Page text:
Heat Wave Takes Toll on D.C. Region

Monday's Commute Expected To Be Challenging

Montgomery County traffic signals still out

Monday, Jul 2, 2012  |  Updated 4:10 AM EDT
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Cleanup continues in Fairfax County after Friday's severe storms.  News4's Melissa Mollet has the latest on how News4 helped get the power back on for some of the people who need it most.

Cleanup continues in Fairfax County after Friday's severe storms. News4's Melissa Mollet has the latest on how News4 helped get the power back on for some of the people who need it most.

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Washington-area residents and local leaders are preparing for a difficult Monday morning commute in parts of the region because of storm damage.

Montgomery County, Md., is expected to be especially difficult for drivers. Officials say there were more than 400 dark traffic signals in Montgomery on Sunday afternoon, including major intersections in Rockville, Gaithersburg and Silver Spring.

Fairfax County officials said more than 100 traffic signals in Northern Virginia are without power. Drivers should treat these intersections as four-way stops and proceed with caution.

Charlie Gischlar with the Maryland State Highway Administration says peopled driving to the nation's capital from Maryland need to allow a lot of extra time. He says mass transit is a better option.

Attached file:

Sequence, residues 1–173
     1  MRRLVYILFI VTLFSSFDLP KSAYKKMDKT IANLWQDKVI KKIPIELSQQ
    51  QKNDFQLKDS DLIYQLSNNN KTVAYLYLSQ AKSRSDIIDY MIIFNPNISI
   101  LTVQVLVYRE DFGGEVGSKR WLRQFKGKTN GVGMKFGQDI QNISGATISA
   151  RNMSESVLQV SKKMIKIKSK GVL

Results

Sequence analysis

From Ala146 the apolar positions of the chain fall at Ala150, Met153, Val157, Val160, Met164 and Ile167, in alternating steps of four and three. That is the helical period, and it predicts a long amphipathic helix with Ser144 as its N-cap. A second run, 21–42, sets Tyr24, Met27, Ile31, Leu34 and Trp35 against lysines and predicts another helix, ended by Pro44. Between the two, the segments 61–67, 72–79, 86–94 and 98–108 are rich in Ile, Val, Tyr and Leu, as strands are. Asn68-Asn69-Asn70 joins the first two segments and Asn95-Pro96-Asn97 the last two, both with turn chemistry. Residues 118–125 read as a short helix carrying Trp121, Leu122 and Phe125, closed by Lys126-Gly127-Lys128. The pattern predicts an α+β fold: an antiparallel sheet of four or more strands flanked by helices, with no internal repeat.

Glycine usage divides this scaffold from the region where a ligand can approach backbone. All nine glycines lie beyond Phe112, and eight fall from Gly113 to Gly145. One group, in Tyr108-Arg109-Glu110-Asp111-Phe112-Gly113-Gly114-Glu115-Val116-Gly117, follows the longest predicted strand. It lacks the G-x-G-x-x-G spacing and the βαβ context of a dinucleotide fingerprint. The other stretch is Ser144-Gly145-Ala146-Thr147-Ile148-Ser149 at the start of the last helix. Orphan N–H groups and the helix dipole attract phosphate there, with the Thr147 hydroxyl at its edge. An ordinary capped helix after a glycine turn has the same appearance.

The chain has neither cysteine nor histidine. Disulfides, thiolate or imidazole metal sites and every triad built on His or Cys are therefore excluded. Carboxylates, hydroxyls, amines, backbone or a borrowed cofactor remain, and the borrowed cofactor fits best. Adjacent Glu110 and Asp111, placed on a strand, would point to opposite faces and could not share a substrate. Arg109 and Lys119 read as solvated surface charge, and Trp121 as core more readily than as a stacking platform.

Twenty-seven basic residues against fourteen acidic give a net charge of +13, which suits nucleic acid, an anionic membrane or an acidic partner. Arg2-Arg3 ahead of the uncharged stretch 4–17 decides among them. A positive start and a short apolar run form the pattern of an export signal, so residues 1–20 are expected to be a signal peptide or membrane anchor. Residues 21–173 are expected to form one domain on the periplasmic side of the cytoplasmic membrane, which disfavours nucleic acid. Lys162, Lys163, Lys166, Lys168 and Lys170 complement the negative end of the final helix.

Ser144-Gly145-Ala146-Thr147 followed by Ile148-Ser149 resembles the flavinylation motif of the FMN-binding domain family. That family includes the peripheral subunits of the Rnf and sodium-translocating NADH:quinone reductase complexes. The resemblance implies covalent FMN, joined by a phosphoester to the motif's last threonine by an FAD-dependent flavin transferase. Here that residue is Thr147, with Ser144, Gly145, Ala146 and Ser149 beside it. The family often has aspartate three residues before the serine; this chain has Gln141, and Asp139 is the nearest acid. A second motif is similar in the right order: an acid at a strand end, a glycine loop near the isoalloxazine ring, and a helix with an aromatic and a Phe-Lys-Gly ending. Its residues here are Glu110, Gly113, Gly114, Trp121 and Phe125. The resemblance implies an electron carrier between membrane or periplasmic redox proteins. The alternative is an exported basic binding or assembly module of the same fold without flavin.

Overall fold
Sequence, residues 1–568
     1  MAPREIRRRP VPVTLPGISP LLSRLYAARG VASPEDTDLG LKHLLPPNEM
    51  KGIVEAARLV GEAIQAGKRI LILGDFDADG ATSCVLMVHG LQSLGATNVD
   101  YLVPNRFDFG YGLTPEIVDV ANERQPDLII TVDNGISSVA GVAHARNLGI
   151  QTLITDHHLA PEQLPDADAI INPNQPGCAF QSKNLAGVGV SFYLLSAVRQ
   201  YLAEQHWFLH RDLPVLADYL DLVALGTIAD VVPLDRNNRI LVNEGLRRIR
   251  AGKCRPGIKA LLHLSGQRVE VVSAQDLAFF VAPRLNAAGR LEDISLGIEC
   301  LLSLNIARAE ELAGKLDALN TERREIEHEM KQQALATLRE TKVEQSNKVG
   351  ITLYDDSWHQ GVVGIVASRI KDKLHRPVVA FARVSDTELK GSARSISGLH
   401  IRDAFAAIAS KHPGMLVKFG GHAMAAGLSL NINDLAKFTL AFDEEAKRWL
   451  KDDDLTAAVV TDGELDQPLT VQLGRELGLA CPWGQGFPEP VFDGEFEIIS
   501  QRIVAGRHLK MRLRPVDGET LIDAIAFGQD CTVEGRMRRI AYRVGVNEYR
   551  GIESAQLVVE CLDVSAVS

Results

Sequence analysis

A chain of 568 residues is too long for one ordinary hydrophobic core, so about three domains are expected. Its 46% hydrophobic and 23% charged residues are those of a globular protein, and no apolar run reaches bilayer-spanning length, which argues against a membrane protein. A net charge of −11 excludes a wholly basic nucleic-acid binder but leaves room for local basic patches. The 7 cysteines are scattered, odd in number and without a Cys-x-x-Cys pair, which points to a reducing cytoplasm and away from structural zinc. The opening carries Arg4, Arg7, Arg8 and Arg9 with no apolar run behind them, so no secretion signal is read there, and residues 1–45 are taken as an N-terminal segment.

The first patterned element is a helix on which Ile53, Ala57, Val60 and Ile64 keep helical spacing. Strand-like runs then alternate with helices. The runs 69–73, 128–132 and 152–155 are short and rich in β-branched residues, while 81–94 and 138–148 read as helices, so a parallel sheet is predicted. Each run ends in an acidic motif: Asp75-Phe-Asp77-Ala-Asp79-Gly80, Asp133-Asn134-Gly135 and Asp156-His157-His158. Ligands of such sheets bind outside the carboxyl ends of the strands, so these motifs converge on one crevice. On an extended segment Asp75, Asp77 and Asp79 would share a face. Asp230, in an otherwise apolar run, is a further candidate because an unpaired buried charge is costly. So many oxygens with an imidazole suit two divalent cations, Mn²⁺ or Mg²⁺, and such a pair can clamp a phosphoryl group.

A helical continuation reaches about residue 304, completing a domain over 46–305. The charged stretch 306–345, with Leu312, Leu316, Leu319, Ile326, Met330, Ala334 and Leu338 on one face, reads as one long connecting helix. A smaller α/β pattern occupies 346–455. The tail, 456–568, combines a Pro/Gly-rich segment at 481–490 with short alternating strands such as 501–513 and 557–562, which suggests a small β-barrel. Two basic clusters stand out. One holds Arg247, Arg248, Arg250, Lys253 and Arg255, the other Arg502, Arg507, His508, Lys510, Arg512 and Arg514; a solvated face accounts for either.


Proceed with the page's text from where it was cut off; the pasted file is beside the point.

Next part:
Metrorail trains and commuter trains are expected to run as scheduled but are likely to experience major delays because of road closures and signal outages. Metro is advising customers to allow additional travel time due to the ongoing effects of damage caused by Friday's extreme weather.

Metro released the following information Sunday night:

Metrobus: As of Sunday evening, approximately two dozen Metrobus routes are operating on detour routes due to downed power lines, downed trees or other storm damage. Delays could be widespread during the Monday morning commute, as a result of congestion from dark traffic signals and additional vehicles on the road.

Metrorail: Metro currently has sufficient third-rail power to support train operations on all Metrorail lines. However, there are some locations where, due to commercial power outages, Metro is "backfeeding" (moving) power to other parts of the system via the third rail. In the event of a further loss of commercial power, it may be necessary for Metro to impose train speed restrictions in order to maintain adequate power.

Stations: All 86 Metrorail stations are expected to open normally tomorrow. As of Sunday evening, there are several stations that are operating on backup power systems and emergency lighting. Customers at these stations may notice offline station equipment, including escalators, platform displays, lighting and PA systems.

High-occupancy vehicle restrictions will be lifted on eastbound Interstate 66 inside the Capital Beltway.  Regular HOV restrictions will remain in effect on I-66 outside the Beltway and on I-95/395.

The federal government is hoping to help ease the traffic problems by giving employees the option for unscheduled leave or unscheduled telework.  Maryland Gov. Martin O'Malley has declared liberal leave for all non-essential state employees on Monday.

Falls Church will institute liberal leave for employees Monday.  Loudoun County government will be open Monday but on unscheduled leave for non essential personnel. Emergency personnel and essential employees are expected to report on time.

The D.C. government will be open tomorrow. D.C. Public Schools, however, will be closed. 

Prince George's County Public Schools will operate under Code Yellow on Monday, meaning schools are closed. All offices are closed. Emergency personnel only must report to work. All evening activities are canceled.

A full list of closings can be found here.

And remember: TREAT DARK INTERSECTIONS AS FOUR-WAY STOPS!!!

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